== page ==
I love to see young people participating in organized sports, because there are so many important lessons to be learned: teamwork, discipline and perseverance among them.
But it's not just through sports that kids can develop those attributes. The performing arts teach the same lessons and bring beauty to the world around them.
That is the message Caroline Firczak is bringing to students at Gray Stone Day School in Misenheimer. For the first time, students at Gray Stone are participating in the performing arts.
This week they will showcase their talents in a public performance.
Gray Stone is a public charter high school on the campus of Pfeiffer University, on U.S. 52 across the Stanly County line (take N.C. 49 north from Concord and turn left on U.S. 52). Founded in 2002, it offers a college preparatory curriculum.
Firczak said this is the first semester that students have had the opportunity to participate in the performing arts at school, an extracurricular option for the approximately 300 students enrolled there.
Firczak is a professional musician and a doctoral student. She has taught private music lessons for years and is an adjunct faculty member at Rowan-Cabarrus Community College.
She began looking for other opportunities to teach the arts and wound up volunteering at Gray Stone, where she meets with about 25 students twice a week after school.
For the first hour, they work on choral music. Then another hour is devoted to drama. Most of Firczak's students belong to both groups, though some participate in just one or the other.
According to Firczak, there was already a lot of interest in the performing arts among the students at Gray Stone. Many of them have been studying and seeking performance opportunities on their own, but they welcomed an opportunity to work with their classmates.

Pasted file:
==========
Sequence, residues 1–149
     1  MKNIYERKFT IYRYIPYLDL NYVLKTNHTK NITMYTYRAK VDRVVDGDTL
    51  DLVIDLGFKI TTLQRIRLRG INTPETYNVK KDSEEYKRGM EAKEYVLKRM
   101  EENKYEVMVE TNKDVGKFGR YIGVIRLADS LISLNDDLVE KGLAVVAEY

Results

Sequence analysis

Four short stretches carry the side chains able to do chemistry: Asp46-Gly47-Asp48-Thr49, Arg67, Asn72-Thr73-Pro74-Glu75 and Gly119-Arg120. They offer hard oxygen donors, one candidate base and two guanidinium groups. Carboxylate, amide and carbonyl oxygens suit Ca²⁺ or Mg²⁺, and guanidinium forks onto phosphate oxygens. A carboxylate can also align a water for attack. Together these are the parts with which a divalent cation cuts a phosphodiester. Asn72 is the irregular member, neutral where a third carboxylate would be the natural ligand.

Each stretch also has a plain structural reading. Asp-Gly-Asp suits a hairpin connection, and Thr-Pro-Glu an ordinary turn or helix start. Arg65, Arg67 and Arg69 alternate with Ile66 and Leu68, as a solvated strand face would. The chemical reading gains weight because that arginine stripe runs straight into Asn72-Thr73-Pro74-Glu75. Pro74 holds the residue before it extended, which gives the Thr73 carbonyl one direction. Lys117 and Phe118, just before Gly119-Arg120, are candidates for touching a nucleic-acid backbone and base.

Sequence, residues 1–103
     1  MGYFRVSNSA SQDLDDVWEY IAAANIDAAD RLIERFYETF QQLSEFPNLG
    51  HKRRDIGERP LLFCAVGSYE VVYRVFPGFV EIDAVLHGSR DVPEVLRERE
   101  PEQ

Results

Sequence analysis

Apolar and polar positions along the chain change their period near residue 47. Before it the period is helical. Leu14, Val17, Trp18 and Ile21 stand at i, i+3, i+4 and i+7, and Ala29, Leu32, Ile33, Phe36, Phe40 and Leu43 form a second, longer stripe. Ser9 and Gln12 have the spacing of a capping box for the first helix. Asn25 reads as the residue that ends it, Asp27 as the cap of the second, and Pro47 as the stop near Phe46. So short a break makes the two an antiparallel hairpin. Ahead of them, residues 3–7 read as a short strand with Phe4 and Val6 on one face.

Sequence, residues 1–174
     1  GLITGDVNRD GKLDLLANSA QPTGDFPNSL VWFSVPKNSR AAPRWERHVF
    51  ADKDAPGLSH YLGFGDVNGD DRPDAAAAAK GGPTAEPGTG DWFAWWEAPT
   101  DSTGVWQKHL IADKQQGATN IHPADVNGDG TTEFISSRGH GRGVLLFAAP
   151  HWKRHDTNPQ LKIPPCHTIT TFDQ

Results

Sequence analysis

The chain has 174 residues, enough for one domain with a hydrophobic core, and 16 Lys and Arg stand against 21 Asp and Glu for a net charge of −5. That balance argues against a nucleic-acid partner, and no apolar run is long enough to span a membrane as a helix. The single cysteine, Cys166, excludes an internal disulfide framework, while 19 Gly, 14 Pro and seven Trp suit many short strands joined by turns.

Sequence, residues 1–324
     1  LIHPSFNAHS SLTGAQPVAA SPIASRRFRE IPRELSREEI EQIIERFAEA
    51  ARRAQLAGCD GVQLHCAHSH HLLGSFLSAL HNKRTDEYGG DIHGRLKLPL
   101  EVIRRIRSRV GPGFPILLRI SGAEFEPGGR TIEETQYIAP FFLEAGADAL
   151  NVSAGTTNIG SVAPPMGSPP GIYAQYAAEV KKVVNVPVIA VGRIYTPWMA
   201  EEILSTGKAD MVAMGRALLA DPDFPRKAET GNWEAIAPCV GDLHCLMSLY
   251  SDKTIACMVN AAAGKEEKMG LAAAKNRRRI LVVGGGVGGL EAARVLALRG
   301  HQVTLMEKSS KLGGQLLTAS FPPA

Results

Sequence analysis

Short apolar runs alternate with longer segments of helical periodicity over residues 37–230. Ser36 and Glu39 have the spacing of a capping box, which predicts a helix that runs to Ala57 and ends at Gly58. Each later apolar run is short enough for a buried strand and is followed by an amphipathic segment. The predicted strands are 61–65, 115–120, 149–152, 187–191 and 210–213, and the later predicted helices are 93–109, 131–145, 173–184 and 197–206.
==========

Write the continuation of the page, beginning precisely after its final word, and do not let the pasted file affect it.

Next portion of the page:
Dustin Britt, a sophomore at Gray Stone, was very excited when he learned that chorus and drama would be offered at the school. Students there tend to be very serious, he said, about their academics and anything else they undertake. So he knew his fellow singers and actors would work hard.
They all have had to make sacrifices to participate in the performing arts while keeping up with their coursework. Britt hopes the result will be worthy of all the effort.
The very first performing arts event at Gray Stone Day School will be at 7 p.m. Wednesday in the Pfeiffer University Chapel. It is free and open to the public; donations for the drama fund will be accepted.
The first part of the program will be the Chorale singing selections from various historical periods, including Vivaldi's "Gloria" accompanied by a student chamber ensemble from the Trinity Music Academy in Troy. It will conclude with a medley from "West Side Story."
The second half of the program will feature drama students in adaptations of two fairy tales: "The Emperor and the Nightingale" and "The Twelve Dancing Princesses."
Support the performing arts when you can. It's a most enjoyable way to learn so much.